That’s useful for a number of reasons, including for Media bypass, dynamic emergency services, location based routing, and local optimization. Local optimization for example, checks which subnet the user is currently on and links them to their local SBC, so that their voice traffic has to make fewer hops over the internet.
There are compliance reasons to configure your network topology too; in India, for example, calls must break out to the PSTN in India. A user in India should not be able to call their European office over IP and then break out into the PSTN. In order to ensure compliance with these sorts of regulations, you have to be able to accurately identify the users in the India office, and restrict their permissions with location based routing.
It is also beneficial if you are operating in a hybrid working environment, with users coming and going between the office and their homes. When users are working remotely, Teams will recognize that they are not in the office, and so it will route their voice traffic up to 365. When they return to the office, Teams will see that they have connected to the IP address associated to one of your office addresses, and will then be able to use Media Bypass to route their voice traffic through your local SBC.
Caller ID policies
The policies detailed within the Caller ID policies tab are all about call masking and defining whether a user’s DDI is visible or not. You can configure these settings to replace the caller ID with a service number or make it completely anonymous.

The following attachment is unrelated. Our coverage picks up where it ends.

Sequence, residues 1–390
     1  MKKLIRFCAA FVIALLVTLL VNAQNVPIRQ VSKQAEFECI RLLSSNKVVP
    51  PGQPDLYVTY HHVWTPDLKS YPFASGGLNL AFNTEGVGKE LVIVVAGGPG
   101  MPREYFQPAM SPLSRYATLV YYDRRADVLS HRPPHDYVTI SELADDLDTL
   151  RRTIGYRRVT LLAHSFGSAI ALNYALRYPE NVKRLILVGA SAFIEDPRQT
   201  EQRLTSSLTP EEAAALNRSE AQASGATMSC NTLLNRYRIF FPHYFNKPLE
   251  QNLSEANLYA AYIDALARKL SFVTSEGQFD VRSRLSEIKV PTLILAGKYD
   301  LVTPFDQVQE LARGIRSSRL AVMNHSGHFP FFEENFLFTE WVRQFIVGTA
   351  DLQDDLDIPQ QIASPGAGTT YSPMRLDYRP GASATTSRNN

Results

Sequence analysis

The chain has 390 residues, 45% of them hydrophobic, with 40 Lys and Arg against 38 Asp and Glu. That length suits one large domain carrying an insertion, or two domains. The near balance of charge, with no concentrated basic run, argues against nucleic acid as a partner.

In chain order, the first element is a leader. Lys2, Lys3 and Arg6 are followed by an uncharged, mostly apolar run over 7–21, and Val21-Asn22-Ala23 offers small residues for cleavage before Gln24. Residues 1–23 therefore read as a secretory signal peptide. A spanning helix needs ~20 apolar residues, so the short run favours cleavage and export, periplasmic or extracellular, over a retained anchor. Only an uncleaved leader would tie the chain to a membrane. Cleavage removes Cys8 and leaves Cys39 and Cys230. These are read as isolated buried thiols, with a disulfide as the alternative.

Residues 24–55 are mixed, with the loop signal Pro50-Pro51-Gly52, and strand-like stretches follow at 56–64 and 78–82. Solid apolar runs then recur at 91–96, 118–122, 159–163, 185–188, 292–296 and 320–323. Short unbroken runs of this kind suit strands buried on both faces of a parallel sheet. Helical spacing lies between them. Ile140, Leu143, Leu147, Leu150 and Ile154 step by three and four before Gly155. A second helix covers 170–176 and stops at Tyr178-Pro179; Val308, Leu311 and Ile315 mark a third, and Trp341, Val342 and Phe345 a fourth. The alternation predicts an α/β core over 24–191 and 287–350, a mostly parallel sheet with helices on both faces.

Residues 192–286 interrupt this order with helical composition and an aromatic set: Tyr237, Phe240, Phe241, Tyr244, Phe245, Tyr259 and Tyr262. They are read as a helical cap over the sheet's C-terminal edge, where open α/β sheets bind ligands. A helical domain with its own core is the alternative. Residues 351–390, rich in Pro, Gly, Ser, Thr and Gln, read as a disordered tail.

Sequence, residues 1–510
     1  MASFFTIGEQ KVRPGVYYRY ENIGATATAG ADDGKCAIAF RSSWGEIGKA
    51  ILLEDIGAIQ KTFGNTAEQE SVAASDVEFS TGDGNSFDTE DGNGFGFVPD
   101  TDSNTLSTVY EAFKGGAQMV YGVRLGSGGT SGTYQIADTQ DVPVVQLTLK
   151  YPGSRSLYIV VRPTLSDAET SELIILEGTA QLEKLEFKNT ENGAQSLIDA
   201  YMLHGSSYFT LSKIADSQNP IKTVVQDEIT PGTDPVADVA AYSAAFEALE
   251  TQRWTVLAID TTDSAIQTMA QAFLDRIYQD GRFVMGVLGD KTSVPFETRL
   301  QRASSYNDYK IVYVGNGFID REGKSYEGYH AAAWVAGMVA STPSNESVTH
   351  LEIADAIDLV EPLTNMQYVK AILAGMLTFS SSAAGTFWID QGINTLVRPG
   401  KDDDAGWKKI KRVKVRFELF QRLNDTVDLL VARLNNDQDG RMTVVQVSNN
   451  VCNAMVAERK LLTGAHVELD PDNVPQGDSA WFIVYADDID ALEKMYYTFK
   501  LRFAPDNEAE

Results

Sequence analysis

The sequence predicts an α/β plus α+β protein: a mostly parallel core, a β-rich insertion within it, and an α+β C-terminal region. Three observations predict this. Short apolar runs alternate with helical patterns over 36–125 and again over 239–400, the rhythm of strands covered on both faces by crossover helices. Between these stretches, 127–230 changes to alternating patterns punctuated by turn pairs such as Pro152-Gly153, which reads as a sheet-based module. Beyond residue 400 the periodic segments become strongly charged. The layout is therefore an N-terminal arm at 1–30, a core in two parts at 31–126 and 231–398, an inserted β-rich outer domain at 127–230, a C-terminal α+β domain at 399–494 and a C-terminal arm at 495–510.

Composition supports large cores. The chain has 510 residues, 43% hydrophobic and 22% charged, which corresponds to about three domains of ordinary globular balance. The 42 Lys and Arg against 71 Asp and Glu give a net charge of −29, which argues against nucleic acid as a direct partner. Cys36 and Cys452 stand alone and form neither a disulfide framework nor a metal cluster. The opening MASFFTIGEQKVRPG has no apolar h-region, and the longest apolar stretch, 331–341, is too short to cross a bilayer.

In most cases where you are masking a user’s DDI with a service number, you will be using a call queue number (set up as a Voice App number), so that callers ring back on a general number that can be picked up by an operative from that call queue. Simply select the relevant number from the list.
These policies essentially function as user permissions. You should configure these ahead of deployment, to ensure that users and teams are afforded the correct calling privileges.
The settings that are available in this section include enabling music on hold, making private calls, voicemail, call forwarding, and allowing users to dial using the web browser.
Auto-attendants and call queues
Configure all the necessary settings for your auto-attendants and call queues, including the call flows, define the opening hours, and what behavior should happen during holidays.
Assigning calling policies to your users
Once the call policies have been set up and you are ready to deploy, these are then assigned on a user by user basis. To edit the policies that are assigned to any given user, navigate to the Users section of the admin center, select the relevant user, click Policies, then edit. A dialog will appear on the right with a long list of drop down fields where you can select from the policies that you have already defined.
To do this in bulk, you can use scripts in PowerShell. You will need the details of the user names and the list of policies you would like to assign to them, and the script will essentially go through the manual process set out above for you.
How to assign numbers to users
You have now provisioned your numbers from the operator, assigned an emergency location to each number, created all of the policies you need and assigned them to each user, and you are ready to assign your numbers to your users.
To do that, go to the Phone numbers tab, then select the relevant number and click edit at the top of the screen. This will open up a dialog that allows you to assign a user and an emergency location to the number.
Similarly, to unassign a number, select the relevant number and click release at the top of the screen. This will then unassign the user and remove all of their configuration from that number.
As with assigning calling policies, if you would like to complete this in bulk, you can use scripts in PowerShell.
If you need some help setting up Operator Connect, or you aren't sure how to get started - get in touch with our team of experts. We're always happy to answer any questions and talk through your options >
Alessandra joined Pure IP as the Content and Communications Manager in early 2020, after 5 years within the cinema technology sector.